from the great-work-if-you-can-plausibly-deny-it dept
Pretty much exactly a year ago, the Washington Post obtained documents that showed Chinese tech giant Huawei was working with the government to create facial recognition on steroids: a system capable of not just recognizing faces, but also certain ethnicities.
There’s only one reason for developing ethnicity recognition in China. The government’s war on its Muslim Uighur population continues with no sign of letting up. Huawei’s tech would enable the government to identify and track its most undesirable citizens, most likely to find any reason at all to disappear them into the country’s many prisons and reeducation camps.
Huawei denied involvement in this project. It did not deny the documents seen by the Washington Post were legitimate, however. Instead, it claimed the documents referred to a test project that had not been deployed. According to its spokesperson, the company would never provide the powerful Chinese government with tools developed for the purpose of targeting Uighur citizens.
It was a pretty weak denial, considering Huawei’s disadvantaged position. If it wishes to maintain its healthy market share in China, it will have to comply with the government’s demands. That’s how it works in China and that’s how it’s worked for years. And, no matter where they’re located, companies don’t often spend money on test runs of products they don’t intend to sell or deploy in the future. Some testing may be done to see if something is feasible. But if the product works well enough to put on the market (or sell to governments), it will eventually result in real-world applications.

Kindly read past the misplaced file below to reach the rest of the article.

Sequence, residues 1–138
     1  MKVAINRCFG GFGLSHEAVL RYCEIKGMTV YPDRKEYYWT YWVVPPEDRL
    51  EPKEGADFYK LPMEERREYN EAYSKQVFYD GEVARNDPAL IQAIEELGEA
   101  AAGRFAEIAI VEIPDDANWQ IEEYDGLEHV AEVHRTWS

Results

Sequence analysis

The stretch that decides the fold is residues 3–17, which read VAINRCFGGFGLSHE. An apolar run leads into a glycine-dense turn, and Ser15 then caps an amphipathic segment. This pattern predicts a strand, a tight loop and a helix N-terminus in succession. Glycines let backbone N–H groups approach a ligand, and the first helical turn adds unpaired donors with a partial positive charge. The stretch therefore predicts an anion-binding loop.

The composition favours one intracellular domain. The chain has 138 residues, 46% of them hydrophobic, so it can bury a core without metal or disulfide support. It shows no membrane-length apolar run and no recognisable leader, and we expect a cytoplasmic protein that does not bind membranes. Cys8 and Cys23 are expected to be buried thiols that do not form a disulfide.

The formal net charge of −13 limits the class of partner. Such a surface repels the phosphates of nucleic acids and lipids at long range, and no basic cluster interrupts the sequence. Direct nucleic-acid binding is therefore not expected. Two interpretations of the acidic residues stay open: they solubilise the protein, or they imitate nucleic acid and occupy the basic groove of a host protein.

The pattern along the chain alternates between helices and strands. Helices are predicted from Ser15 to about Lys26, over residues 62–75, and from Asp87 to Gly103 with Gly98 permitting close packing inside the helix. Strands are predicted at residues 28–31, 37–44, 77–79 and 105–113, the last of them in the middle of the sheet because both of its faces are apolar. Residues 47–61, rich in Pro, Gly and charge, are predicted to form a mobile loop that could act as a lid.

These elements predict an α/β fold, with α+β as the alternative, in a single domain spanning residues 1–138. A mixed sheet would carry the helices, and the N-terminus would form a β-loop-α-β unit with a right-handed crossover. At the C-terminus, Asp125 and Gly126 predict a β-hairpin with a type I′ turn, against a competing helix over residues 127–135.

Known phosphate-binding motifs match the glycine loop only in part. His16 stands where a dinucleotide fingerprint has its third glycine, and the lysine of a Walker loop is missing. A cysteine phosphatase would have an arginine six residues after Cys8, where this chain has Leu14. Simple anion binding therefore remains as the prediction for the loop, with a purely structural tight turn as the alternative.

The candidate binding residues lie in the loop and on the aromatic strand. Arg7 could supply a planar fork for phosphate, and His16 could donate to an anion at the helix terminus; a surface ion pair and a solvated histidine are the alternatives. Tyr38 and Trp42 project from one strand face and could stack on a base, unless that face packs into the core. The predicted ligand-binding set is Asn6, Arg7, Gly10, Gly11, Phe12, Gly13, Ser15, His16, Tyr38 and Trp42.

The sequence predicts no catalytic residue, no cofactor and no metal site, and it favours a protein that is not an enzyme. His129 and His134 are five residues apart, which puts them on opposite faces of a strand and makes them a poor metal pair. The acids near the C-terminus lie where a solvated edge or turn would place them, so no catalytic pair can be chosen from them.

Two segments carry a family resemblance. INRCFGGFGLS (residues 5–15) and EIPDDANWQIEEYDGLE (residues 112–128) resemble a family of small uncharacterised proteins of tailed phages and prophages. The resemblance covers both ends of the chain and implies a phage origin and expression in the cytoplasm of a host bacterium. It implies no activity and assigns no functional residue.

One year later and it’s the Washington Post again obtaining documents about Huawei’s relationship with the Chinese government. Huawei has suggested it’s not working directly with the government to create surveillance gear, claiming it’s nothing more than a provider of apolitical networking hardware and software.
But the documents seen by the Post strongly suggest otherwise.
A review by The Washington Post of more than 100 Huawei PowerPoint presentations, many marked “confidential,” suggests that the company has had a broader role in tracking China’s populace than it has acknowledged.
These marketing presentations, posted to a public-facing Huawei website before the company removed them late last year, show Huawei pitching how its technologies can help government authorities identify individuals by voice, monitor political individuals of interest, manage ideological reeducation and labor schedules for prisoners, and help retailers track shoppers using facial recognition.
Pretty disturbing stuff. Also, sadly, pretty normal stuff for the Chinese government, which has shoved thousands of people into hard labor/reeducation camps and subjected its more “free” residents to always-on monitoring of pretty much everything they do.